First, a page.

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North Korea welcomes first tourists since the pandemic

Simon Calder’s Travel

The first group of tourists to visit North Korea since the start of the pandemic left Vladivostok airport in Russia’s Far East Friday, as the isolated country offers tours to Russians who have faced obstacles to travel abroad during the war in Ukraine.

The tour underscores deepening cooperation between Moscow and Pyongyang, following a meeting last September between North Korean leader Kim Jong Un and Russian President Vladimir Putin at a cosmodrome in Russia’s Far East.

The Russian tourists will visit the capital Pyongyang and will then go skiing, Inna Mukhina, the general director of the Vostok Intur agency, which is running the tour, told The Associated Press. Vladivostok airport’s online timetable shows an Air Koryo plane took off for Pyongyang at 1.39 p.m. local time Friday.

In October, Russian Foreign Minister Sergey Lavrov said he would recommend North Korea as a vacation destination for Russian tourists, many of whom now struggle to travel to Europe and the United States because of sanctions applied to Russia after its invasion of Ukraine.

There are “lots” of people who wanted to come on the tour to North Korea, Mukhina, the tour operator, said, adding that the group contains travelers from places across Russia including Moscow and St. Petersburg as well as the Russian exclave of Kaliningrad, sandwiched in between Poland and Lithuania. The group also includes children who study skiing at a Russian school that aims to create Olympic champions, she said.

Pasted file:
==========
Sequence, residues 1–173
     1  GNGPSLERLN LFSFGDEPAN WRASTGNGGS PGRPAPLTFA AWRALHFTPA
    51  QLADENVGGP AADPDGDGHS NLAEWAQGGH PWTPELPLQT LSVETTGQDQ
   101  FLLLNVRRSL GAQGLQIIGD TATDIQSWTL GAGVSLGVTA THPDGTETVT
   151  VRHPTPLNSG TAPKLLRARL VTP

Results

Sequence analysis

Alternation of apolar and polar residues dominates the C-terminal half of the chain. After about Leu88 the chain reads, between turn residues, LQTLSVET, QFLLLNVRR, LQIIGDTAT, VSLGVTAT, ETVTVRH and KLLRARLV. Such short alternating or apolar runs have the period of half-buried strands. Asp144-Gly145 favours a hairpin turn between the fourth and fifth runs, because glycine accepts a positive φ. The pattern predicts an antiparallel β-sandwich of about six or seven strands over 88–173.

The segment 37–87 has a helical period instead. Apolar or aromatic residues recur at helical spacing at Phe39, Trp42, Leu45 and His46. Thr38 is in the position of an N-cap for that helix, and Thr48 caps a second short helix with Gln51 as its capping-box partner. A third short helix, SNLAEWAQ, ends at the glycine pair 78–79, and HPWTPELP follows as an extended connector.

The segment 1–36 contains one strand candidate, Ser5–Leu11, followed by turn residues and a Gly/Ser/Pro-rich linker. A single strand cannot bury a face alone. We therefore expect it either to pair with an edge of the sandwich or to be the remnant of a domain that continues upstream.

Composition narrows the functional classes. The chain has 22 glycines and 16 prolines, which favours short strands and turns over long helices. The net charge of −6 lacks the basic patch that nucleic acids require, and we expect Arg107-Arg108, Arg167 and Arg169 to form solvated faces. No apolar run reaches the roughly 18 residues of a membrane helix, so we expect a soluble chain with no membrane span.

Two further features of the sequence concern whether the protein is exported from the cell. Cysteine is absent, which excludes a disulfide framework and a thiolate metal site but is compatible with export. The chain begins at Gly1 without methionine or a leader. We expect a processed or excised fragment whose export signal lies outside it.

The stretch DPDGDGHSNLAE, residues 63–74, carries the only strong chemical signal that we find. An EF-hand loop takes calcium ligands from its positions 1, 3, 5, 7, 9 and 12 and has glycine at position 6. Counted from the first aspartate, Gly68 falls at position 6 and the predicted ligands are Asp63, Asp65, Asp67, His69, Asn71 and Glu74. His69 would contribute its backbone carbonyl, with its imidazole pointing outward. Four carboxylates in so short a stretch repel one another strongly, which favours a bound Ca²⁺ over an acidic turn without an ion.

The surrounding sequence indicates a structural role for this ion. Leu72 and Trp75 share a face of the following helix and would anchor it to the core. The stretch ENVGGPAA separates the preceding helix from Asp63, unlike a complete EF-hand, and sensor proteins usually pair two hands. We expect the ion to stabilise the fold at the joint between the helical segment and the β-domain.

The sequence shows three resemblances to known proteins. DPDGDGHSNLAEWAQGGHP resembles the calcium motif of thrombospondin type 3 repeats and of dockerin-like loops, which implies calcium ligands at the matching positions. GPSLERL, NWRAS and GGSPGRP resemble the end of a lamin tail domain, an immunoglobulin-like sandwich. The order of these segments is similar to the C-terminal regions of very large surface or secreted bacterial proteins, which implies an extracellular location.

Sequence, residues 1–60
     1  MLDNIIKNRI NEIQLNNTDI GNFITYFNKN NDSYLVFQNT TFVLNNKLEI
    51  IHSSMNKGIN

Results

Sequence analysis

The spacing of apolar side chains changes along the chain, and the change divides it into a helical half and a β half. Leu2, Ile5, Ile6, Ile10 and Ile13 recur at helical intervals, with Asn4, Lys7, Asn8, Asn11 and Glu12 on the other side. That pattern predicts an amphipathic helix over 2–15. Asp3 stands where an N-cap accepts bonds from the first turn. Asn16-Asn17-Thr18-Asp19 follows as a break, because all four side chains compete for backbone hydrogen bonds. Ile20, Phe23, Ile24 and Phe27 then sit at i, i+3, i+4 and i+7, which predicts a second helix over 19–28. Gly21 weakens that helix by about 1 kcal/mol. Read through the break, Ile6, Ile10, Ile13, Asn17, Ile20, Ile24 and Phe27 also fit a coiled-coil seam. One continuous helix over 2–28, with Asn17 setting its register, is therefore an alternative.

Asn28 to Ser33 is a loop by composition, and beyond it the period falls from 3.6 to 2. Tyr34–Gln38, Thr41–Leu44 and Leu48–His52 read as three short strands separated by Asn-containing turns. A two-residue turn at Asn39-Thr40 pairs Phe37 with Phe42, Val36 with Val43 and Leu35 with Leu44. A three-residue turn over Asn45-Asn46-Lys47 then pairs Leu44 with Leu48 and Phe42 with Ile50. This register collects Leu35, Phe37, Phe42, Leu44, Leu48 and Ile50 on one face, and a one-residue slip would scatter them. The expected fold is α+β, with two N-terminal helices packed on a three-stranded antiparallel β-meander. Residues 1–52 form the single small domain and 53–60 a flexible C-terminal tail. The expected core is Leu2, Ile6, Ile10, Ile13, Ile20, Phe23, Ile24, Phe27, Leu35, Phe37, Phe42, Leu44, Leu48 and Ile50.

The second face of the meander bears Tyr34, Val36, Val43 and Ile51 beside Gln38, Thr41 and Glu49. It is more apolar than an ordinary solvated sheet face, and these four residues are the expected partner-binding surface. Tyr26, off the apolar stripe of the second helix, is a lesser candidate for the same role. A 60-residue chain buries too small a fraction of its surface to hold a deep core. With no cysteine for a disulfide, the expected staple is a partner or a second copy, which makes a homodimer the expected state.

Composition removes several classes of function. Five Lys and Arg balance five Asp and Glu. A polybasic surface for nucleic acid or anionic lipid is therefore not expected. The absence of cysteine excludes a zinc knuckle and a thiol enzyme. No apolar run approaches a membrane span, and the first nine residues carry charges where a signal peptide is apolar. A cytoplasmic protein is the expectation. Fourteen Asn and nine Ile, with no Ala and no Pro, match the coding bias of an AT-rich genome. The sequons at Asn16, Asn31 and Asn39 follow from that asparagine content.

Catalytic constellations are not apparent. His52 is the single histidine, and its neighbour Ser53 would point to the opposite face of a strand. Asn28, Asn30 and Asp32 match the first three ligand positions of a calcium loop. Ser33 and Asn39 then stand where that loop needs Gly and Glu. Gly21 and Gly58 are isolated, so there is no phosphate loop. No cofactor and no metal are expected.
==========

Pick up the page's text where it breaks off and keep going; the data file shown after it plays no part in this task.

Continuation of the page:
Russian tourists, members of the group traveling to North Korea first time since its borders closed due to the pandemic

(Copyright 2024 The Associated Press. All rights reserved)

The Russians’ reasons for visiting North Korea vary, Mukhina said, suggesting some people are interested in the opportunity to visit a closed country, while others are more interested in skiing and snowboarding.

“We love skiing,” Galina Polevshchikova told the AP at Vladivostok airport shortly before getting on the flight to Pyongyang. “I really want to go there because it’s probably the most closed place where you have the opportunity to do this,” she said.

The group, is not a traditional tourist group, but “a test tour delegation” that could pave the way for other groups of Russian tourists, Mukhina said.

The trip, scheduled for February, was a surprise to Asia observers, who had…

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